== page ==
The design eliminates the necessity for the bottle lifting elements required in conventional filling systems. Spring force is used for pressureless filling of non-carbonated beverages to press the bottle against the valve.

The Innofill DRV relies principally on the volumetric filling method of electromagnetic induction flowmetering (EIF) and the tried and tested system of guiding the product flow over a swirler. This technique removes the need for spreading elements protruding into the bottle while ensuring a high level of flexibility in filling a wide variety of bottle shapes and sizes without any changeover. Aseptic membrane and sealing technology is standard for the range.

The new Invertibles packaging from Reynolds is high in performance and versatility. The plastic, two piece container can be used as either a bowl with flat lid, or a plate with dome lid. Invertibles containers can be used for a variety of take-out and dine-in restaurant applications.

In the supermarket, these containers can be used in bakery, deli, produce, and for in-store café dining. The unique faceted design creates display appeal while promoting impulse sales. The full perimeter closure offers leak resistance, and is also easy to open and close with tabs on two sides. Made from crystal clear PET, these containers provide superior performance in refrigerated and room temperatures. Invertibles are available in 24oz and 48oz sizes in convenient combo packs of 100 clear lids and clear bases or in bulk.

The company says today’s retailers are looking for packaging that satisfies the consumer, while meeting their own needs for stock reduction, case and space management, cost effectiveness, display appeal, and bottom line worthiness. The new range addresses all these needs in an innovative way.

Reynolds Food Packaging offers a full line of stock and custom products for the foodservice, supermarket, processor markets, and agricultural markets.

Microwavable aluminium

Conclusive evidence that aluminium foil trays can be used safely in microwave ovens has been established by a study from the Fraunhofer Institute in Freising, Germany.

Conducted on behalf of the European Aluminium Foil Association (EAFA) with the support of the US Aluminium Foil Container Manufacturers Association (AFCMA), the study concluded: “Microwave heating of food packaged in aluminium foil trays or in plastic containers with aluminium foil or laminated lids is perfectly viable.”

The results dispel the myth that aluminium foil containers are unsafe for use in microwave ovens and prove that consumer fears about using aluminium foil trays in the microwave are unfounded.

This news will help Nicholl Food Packaging and the launch of its two new aluminium foil trays that have been developed in conjunction with major retailers Tesco and Sainsbury’s. These have been designed for the convenience of both food packer and end-user.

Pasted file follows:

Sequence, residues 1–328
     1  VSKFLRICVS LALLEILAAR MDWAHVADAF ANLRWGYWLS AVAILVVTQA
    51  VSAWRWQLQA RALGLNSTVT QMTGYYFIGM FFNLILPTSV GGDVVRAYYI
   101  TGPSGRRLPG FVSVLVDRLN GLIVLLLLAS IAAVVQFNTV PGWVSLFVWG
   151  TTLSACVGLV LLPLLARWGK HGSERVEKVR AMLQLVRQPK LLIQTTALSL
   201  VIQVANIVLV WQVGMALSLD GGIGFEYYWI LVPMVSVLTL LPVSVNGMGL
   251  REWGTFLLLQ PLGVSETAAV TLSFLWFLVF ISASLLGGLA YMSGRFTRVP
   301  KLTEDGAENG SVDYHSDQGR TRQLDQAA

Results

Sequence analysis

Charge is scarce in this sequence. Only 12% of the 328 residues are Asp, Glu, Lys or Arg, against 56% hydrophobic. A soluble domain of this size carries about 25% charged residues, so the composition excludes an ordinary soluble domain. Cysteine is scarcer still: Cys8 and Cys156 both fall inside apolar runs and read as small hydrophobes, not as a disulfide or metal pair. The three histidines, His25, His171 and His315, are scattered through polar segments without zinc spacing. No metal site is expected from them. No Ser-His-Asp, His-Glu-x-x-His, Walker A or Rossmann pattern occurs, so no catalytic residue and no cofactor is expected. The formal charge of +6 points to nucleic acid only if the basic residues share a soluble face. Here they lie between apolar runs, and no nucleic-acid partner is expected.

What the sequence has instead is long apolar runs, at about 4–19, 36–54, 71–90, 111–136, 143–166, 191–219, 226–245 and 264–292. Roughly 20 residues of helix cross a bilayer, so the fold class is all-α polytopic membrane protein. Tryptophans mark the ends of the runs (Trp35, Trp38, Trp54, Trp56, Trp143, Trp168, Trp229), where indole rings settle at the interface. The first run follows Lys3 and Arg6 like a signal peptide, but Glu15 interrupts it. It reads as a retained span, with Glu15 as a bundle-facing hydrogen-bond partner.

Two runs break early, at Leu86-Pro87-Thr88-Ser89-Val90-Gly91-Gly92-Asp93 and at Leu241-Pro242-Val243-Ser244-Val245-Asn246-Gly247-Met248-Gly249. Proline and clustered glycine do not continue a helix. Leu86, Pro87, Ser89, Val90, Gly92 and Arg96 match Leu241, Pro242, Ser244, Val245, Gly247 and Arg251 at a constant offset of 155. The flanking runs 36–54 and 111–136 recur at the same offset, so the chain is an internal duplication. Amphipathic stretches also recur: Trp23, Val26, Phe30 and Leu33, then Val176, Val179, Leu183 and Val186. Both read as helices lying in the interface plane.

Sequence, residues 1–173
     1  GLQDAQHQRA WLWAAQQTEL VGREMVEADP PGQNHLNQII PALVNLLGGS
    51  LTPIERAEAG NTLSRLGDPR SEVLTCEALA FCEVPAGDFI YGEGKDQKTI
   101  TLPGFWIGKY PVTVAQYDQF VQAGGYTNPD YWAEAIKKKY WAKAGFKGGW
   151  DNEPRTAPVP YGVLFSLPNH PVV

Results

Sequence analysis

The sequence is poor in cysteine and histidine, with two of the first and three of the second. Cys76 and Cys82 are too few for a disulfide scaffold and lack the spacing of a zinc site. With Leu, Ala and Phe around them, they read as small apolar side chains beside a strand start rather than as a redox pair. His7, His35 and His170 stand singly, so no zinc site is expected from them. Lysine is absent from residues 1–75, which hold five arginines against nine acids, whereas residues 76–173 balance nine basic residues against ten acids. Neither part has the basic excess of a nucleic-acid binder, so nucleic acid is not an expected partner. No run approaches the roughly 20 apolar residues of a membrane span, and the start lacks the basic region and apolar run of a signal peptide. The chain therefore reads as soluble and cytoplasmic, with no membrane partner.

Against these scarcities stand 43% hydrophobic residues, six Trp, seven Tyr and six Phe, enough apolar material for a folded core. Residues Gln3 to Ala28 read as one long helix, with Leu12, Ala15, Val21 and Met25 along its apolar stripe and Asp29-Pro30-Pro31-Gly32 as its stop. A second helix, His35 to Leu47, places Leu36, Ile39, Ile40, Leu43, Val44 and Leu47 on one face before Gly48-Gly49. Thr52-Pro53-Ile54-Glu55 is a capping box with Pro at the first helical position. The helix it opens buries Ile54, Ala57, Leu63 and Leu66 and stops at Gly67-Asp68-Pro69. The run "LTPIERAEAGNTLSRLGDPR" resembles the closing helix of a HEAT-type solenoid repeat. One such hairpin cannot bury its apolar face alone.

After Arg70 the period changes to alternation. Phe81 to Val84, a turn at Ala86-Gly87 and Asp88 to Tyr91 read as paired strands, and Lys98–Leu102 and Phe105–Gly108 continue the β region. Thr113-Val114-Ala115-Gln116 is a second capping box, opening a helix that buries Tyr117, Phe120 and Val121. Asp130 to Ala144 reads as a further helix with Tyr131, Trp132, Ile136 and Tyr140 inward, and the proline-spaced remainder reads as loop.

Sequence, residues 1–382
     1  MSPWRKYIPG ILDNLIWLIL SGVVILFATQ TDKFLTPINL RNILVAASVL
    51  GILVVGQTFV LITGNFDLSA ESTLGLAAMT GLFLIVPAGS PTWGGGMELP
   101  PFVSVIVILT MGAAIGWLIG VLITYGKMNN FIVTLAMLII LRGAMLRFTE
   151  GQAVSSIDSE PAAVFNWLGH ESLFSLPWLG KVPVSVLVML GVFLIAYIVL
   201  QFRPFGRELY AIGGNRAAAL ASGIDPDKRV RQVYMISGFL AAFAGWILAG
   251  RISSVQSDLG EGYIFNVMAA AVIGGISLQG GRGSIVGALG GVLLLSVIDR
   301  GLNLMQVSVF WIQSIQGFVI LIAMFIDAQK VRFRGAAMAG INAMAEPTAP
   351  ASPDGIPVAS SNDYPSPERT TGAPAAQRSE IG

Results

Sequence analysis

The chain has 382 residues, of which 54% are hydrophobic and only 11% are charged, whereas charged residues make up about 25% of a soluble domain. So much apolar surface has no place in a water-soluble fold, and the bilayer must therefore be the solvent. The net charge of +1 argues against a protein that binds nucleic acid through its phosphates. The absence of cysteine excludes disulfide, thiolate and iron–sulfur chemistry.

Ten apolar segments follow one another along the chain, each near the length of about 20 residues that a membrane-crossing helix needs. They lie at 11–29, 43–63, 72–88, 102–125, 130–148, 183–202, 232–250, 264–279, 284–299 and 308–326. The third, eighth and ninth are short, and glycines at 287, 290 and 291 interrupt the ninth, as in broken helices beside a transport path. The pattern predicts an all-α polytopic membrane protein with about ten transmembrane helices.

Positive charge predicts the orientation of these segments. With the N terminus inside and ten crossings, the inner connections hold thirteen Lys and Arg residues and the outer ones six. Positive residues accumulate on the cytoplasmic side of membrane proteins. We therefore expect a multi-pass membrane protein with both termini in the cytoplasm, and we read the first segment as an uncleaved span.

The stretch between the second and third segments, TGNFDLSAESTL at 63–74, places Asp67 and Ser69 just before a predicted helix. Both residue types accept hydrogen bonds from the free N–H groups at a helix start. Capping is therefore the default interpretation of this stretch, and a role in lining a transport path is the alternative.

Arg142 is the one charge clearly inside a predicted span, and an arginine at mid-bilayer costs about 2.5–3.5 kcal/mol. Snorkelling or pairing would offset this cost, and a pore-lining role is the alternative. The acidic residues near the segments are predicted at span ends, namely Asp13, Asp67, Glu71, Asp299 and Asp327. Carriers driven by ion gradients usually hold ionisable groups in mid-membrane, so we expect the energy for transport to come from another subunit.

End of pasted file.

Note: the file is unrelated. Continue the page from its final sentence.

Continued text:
Nicholl is a regular winner of awards from EAFA for its new products. These include a range of trays designed to replace top lidded plastic trays used with cuts of raw meat and poultry, without requiring the food packers to invest in new and costly heat seal tooling. The trays also provide consumer benefits such as minimising the handling of raw meat or poultry and the convenient choice of placing the full pack under the grill, in the conventional oven, in the microwave oven or even straight onto the BBQ. Additionally, as a disposable tray, the consumer does not have the task of cleaning the tray after use.

The new ridged-based smoothwall tray was designed to provide maximum cooking convenience for the consumer and provides a sturdy roasting or grilling vessel that can be used for pre-packaged raw meat, poultry or fish. The unique ridged based design of the tray lifts products off the base, providing a healthy cooking option for those consumers wishing to reduce fat content in the food they eat.

Its Dimpled Base Tray features a unique design to hold blood and juices from meat through surface tension, negating the need for absorbent pads in the base of the tray. The revolutionary dimpled base not only acts as a liquid trap, but also allows air to circulate around the base of the product, which creates an all-over roasting process.

On the materials front, GlaxoSmithkline says it is moving away from using PVC shrinksleeves on its beverage bottles because the sleeve material is stopping the polyethylene terephthalate (PET) in the pack from being recycled. Because PVC burns at PET’s processing temperature, the resulting rPET will be rendered useless.

Keith Marriage, director of packaging development, nutritional healthcare, says: “We’ve been working hard to find a solution and we believe we've found a shrinksleeve solution using multilayer polyolefins.”